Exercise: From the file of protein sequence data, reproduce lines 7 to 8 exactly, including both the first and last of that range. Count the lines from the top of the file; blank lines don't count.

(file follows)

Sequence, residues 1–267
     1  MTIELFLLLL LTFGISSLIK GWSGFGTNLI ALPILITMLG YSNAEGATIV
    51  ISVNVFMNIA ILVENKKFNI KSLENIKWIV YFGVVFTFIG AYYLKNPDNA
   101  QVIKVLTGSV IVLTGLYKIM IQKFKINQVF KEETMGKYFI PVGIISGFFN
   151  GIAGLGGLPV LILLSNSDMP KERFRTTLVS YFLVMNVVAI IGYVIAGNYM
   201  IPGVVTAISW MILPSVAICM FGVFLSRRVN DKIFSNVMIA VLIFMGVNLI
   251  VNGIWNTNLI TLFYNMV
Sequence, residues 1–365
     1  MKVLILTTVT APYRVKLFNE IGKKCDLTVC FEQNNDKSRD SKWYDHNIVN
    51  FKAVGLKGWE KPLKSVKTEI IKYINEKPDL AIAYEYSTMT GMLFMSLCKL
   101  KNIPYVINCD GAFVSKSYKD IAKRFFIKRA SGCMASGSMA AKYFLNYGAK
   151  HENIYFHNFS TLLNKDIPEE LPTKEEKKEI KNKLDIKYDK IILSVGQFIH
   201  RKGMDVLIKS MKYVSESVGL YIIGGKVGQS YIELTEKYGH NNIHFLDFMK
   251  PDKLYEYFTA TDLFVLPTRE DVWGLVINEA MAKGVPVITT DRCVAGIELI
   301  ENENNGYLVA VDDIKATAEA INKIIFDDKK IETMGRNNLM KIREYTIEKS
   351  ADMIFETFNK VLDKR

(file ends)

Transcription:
   251  VNGIWNTNLI TLFYNMV
Sequence, residues 1–365